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Tributes to Cliff Matthews - the man behind La Tour Cycle Café in Ipswich

PUBLISHED: 08:17 28 March 2019 | UPDATED: 10:56 01 April 2019

Cliff and Anna Matthews with children Elizabeth, 17; Seren, 13; Agnes, seven, and Alexander, 14    Picture: GILLIAN ALLARD www.gillian-allard.com

Cliff and Anna Matthews with children Elizabeth, 17; Seren, 13; Agnes, seven, and Alexander, 14 Picture: GILLIAN ALLARD www.gillian-allard.com

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The wife of passionate cyclist and member of the Wolsey Road Club, Cliff Matthews, has described him as "the most interesting human being I've ever been fortunate enough to have in my life" following his death from cancer.

Cliff Matthews and wife Anna during the SPILL performance festival in Ipswich last year. A Pyre Parade effigy was placed in the couple’s La Tour Cycle Café, and for 10 days people could write down bad news and put it inside the effigy. It was later marched to Christchurch Park and set on fire   Picture: Lizzy MatthewsCliff Matthews and wife Anna during the SPILL performance festival in Ipswich last year. A Pyre Parade effigy was placed in the couple’s La Tour Cycle Café, and for 10 days people could write down bad news and put it inside the effigy. It was later marched to Christchurch Park and set on fire Picture: Lizzy Matthews

“The first night that I went out with him, I told my childhood best friend that was the man I was going to marry. I just knew,” smiles Anna Matthews. “I met him through the Yellow Pages!”

Cliff, who died on March 22, was a chartered chemical engineer, working for a company that made adhesive for flexible packaging – such as crisp packets. A man whose mind, Anna discovered, was always on the go.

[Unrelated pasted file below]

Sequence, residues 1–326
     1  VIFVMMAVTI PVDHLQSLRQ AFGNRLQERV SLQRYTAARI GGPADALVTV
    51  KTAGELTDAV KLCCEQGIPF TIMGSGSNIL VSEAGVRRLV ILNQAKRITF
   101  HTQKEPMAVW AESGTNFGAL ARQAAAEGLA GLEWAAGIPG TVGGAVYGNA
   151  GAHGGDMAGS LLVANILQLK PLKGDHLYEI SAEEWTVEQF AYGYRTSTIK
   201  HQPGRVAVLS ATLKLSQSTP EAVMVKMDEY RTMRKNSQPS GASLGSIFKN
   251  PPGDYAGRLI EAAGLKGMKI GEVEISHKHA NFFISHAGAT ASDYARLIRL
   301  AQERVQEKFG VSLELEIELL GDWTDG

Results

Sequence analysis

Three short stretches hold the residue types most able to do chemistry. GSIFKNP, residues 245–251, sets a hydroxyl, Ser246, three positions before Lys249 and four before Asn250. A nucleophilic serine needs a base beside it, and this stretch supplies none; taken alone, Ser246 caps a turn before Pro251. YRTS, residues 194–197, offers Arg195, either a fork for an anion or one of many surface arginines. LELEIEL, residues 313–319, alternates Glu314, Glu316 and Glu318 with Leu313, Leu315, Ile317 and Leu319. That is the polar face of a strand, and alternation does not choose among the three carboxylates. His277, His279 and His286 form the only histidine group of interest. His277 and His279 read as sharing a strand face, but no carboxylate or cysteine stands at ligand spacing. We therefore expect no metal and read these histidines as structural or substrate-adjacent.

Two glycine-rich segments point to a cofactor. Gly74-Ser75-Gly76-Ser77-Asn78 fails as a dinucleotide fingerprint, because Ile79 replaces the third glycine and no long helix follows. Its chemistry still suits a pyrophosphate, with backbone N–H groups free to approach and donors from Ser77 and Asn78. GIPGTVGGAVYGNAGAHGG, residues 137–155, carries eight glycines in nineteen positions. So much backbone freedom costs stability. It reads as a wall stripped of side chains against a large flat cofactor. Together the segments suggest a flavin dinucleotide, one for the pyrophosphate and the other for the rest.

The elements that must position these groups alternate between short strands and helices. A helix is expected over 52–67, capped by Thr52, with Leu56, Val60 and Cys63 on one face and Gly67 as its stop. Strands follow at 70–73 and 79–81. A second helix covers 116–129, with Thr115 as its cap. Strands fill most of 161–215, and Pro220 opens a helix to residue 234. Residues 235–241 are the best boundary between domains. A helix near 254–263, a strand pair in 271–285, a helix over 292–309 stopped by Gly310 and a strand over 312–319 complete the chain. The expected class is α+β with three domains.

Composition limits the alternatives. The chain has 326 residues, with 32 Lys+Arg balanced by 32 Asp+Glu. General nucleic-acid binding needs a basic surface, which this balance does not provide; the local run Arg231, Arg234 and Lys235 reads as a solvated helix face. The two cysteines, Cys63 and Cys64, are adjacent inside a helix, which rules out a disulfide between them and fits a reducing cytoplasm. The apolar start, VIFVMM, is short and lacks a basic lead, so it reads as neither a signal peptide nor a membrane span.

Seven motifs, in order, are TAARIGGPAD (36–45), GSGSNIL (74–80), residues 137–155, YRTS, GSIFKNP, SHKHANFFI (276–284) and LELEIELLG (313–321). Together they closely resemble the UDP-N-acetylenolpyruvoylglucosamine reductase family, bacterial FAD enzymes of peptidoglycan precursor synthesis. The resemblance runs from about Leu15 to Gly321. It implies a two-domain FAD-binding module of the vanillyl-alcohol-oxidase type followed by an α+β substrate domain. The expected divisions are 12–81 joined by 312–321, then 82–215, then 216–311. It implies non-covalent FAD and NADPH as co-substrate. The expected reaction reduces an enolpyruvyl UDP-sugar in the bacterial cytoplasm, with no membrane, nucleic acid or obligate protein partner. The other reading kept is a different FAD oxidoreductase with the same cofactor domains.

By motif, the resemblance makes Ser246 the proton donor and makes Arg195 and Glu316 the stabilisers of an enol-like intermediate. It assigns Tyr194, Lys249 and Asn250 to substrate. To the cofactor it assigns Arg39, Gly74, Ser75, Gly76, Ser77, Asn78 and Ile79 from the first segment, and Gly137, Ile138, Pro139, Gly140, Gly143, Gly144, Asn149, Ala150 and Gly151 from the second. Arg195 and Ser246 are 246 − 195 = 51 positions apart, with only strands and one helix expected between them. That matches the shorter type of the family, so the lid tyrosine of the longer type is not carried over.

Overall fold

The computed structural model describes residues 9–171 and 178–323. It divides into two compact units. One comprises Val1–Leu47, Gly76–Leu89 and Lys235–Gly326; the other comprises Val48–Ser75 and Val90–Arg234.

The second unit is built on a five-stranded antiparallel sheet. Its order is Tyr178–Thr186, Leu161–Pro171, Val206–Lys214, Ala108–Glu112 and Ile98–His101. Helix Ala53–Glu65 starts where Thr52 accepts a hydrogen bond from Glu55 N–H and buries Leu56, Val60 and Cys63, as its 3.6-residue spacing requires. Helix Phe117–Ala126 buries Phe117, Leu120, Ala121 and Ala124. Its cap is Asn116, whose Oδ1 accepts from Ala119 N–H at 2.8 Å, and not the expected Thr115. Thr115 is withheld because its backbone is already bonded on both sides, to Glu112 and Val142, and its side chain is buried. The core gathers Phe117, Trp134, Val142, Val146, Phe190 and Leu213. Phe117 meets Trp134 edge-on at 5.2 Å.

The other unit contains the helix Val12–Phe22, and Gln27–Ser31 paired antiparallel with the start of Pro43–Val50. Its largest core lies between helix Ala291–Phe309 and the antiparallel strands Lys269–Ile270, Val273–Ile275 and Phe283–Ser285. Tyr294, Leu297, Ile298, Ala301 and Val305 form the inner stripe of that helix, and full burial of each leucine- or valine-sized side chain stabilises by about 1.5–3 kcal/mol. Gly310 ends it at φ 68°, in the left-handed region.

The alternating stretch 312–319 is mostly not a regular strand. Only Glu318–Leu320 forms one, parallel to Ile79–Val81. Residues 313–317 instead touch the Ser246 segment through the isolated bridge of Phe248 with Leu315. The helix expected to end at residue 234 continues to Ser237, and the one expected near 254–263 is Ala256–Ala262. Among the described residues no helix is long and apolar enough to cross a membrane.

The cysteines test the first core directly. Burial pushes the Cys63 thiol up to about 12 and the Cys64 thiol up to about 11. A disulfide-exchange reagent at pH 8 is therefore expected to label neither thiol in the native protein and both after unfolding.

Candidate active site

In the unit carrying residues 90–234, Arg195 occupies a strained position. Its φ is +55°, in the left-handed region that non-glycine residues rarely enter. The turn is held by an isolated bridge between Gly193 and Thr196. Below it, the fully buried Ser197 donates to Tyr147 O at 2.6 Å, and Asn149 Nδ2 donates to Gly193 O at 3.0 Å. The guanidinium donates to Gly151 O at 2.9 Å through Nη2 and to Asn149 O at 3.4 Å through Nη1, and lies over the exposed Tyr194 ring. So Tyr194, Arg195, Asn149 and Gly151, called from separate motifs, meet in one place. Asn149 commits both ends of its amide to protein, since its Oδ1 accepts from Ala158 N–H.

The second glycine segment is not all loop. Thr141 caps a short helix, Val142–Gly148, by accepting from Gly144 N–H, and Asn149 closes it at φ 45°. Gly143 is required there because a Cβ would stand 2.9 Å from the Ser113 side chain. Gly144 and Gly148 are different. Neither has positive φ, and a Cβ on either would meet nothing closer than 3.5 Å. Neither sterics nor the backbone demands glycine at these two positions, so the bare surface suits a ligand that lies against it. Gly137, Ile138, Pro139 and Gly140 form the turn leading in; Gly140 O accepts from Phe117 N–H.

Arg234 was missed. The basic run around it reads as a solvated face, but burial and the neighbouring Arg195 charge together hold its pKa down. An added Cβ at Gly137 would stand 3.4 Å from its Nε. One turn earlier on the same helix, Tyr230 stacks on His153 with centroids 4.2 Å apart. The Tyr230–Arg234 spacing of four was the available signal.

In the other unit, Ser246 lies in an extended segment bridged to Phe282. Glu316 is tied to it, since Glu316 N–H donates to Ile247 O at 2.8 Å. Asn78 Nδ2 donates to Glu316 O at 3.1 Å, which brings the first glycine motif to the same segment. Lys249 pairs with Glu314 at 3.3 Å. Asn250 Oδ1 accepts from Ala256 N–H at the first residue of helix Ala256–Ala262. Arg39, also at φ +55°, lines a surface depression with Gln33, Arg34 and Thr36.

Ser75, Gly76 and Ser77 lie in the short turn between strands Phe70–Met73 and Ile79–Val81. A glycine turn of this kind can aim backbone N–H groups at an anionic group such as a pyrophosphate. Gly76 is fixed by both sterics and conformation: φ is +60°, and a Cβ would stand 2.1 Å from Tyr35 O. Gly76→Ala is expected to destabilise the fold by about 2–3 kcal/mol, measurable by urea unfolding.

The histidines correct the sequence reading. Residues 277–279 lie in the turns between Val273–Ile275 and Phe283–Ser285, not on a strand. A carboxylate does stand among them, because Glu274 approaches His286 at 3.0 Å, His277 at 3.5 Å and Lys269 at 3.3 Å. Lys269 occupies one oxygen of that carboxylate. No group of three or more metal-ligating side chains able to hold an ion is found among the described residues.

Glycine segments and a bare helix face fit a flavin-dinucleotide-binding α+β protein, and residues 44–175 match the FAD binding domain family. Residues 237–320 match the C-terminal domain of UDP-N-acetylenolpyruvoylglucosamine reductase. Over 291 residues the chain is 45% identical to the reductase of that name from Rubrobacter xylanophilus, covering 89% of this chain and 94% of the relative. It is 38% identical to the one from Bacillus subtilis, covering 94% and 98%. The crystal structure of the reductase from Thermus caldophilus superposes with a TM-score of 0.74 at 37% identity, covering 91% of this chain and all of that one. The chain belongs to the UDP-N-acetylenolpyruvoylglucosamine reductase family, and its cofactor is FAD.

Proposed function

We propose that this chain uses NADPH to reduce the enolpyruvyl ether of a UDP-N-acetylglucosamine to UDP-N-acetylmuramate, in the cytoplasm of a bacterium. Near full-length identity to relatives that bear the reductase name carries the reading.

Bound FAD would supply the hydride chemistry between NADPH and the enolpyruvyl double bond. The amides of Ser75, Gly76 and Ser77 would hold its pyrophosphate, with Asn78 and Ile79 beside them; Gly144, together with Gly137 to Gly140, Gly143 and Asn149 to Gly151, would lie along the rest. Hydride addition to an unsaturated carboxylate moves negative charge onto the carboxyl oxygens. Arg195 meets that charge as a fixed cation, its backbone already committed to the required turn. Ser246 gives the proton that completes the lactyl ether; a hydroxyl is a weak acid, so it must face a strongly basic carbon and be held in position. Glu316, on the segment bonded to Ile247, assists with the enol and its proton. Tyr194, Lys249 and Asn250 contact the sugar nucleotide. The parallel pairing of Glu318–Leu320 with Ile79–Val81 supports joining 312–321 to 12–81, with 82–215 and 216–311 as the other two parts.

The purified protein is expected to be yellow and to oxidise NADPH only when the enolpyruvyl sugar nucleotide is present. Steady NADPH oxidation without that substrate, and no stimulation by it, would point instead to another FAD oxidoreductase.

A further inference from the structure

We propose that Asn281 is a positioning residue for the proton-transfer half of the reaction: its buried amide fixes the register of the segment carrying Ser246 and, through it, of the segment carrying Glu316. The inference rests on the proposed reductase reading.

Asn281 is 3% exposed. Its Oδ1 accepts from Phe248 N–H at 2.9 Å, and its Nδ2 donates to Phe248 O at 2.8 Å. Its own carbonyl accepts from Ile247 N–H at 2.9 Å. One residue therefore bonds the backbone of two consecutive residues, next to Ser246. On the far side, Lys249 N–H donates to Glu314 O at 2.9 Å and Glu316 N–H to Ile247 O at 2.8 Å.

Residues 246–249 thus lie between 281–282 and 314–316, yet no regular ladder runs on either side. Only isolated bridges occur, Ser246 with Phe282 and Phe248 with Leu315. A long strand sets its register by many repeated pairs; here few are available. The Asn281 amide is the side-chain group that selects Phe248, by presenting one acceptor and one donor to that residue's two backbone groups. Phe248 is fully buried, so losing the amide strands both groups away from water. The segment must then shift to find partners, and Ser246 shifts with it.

“I met him because I was a sales rep. It was a time when, if you were ‘prospecting’, you’d use the Yellow Pages. In 1997 he asked me if I was ‘available of an evening’. I said ‘yes’, although I didn’t quite know what that meant – whether it was a date or whether it was business!”

A date it was.

Cliff Matthews doing the first planting in the Sterling Suffolk glasshouses, a week before last Christmas. The picture was taken on December 18, ‘which is the date we had our first delivery of plants onto the site, following completion of the build on 17th December’, says horticultural director Richard Lewis   Picture: Richard LewisCliff Matthews doing the first planting in the Sterling Suffolk glasshouses, a week before last Christmas. The picture was taken on December 18, ‘which is the date we had our first delivery of plants onto the site, following completion of the build on 17th December’, says horticultural director Richard Lewis Picture: Richard Lewis

“It was the chemistry.” Not the adhesive-making kind but the human-connecting kind. “We were very different. I’ve got an O-level in childcare but he was just the most interesting human being I’ve ever been fortunate enough to have in my life.”

It seemed Cliff was pretty smitten, too. That first date was at a nice rustic Italian restaurant in Wolverhampton that Anna chose. “It was a good price-point. He said ‘I knew then you were all right, because you pitched it’.” It was good honest food, but not extravagant. Wise call.

Life’s adventures brought them to Suffolk in 2011. Cliff project-managed the Suffolk County Council/SITA UK energy-from-waste facility at Great Blakenham, near Ipswich, that for four years now has been turning non-recycled waste into electricity.

After that, he was one of the driving forces that created the nearby Sterling Suffolk complex of high-tech and energy-efficient greenhouses that’s producing a huge crop of Suffolk-grown tomatoes. It featured recently on the BBC’s The One Show.

Cliff Matthews and daughter Seren, out to watch a cycle race    Picture: FAMILY COLLECTIONCliff Matthews and daughter Seren, out to watch a cycle race Picture: FAMILY COLLECTION

For good measure, Cliff gave up his car upon moving to the county, became a born-again cyclist, and even opened a “cycle café” with Anna. It started in the town centre but for nearly a year has been on the waterfront, with a comfy and eclectic mix of sofas.

Sadly, Cliff succumbed on March 22 to cancer diagnosed in 2017. But his legacy is enviable.

“Not only am I incredibly proud when I drive along that road and see those two projects that he was a massive part of, it’s the job creation that makes me super-proud – because we don’t have enough of those sort of jobs in our country and in Suffolk,” says Anna.

For the past 20 years, “I was fortunate to spend my life with an interesting, kind and generous human”.

Cliff Matthews and Trevor Roberts, and cycling awards  Picture: ANNA MATTHEWSCliff Matthews and Trevor Roberts, and cycling awards Picture: ANNA MATTHEWS

Early days